Sugar, for sprinkling, optional but oh-so-nice


Preheat the oven to 450 degrees F. Halve the bananas lengthwise, then crosswise. In a bowl, mix the butter and curry powder. Dip the bananas in the butter, coat well. Roll the bananas in the cornflakes until completely coated. Sprinkle with sugar, if desired. Place the bananas in a greased baking dish and bake for 10 minutes.

Read more at: http://www.foodnetwork.com/recipes/paula-deen/curry-crusted-bananas-recipe/index.html?oc=linkback

But this isn’t about Nanny Bloomberg or Paula Deen. It’s about a redneck from my home state, Phil Robertson. Or is it Phil Robinson? I don’t know his name, but I do know he’s from my home state. Most of the rednecks on these television shows seem to hail from Louisiana. (I heaved a big sigh of relief to learn that Honey Boo Boo had been spawned in Georgia.)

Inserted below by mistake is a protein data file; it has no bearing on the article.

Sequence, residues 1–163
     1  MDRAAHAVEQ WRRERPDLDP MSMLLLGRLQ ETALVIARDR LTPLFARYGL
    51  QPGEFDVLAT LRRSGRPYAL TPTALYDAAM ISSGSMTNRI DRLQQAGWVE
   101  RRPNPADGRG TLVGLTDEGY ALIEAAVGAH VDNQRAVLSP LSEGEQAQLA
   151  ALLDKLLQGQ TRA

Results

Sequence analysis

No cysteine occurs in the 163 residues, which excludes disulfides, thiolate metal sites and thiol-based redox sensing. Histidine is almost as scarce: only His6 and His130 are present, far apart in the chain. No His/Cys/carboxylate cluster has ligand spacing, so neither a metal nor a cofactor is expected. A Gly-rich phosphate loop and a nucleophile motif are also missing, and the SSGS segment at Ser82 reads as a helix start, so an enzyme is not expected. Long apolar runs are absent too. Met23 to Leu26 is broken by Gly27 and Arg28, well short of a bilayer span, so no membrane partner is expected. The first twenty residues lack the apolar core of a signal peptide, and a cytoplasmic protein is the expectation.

If a self-proclaimed Louisiana redneck dares quote the Bible on a television show that was designed as a vehicle to mock him and his beliefs in the first place, well, suddenly nobody should be allowed to mock him anymore. This is serious business! (At least it was serious business to mock him back in the old days.) How dare he have a politically-incorrect belief about a sacred cow! He should be punished!

Can’t we just kick him to death or something? Oh, is that illegal? Can’t we just ignore the law long enough to kick him to death this time? We can’t? Bummer.

That’s one reason I was so attracted to Mormonism — Mormons believe that people should have the freedom to be stupid. For me, that freedom extends to watching “Duck Dynasty” if I want to do it. For other people, that freedom extends to pulling Paula Deen off the air for using the N-word back in the 1960s, or suspending a redneck from “Duck Dynasty” for daring to believe in the Bible.

That’s the thing about the doctrine of free agency. It goes both ways.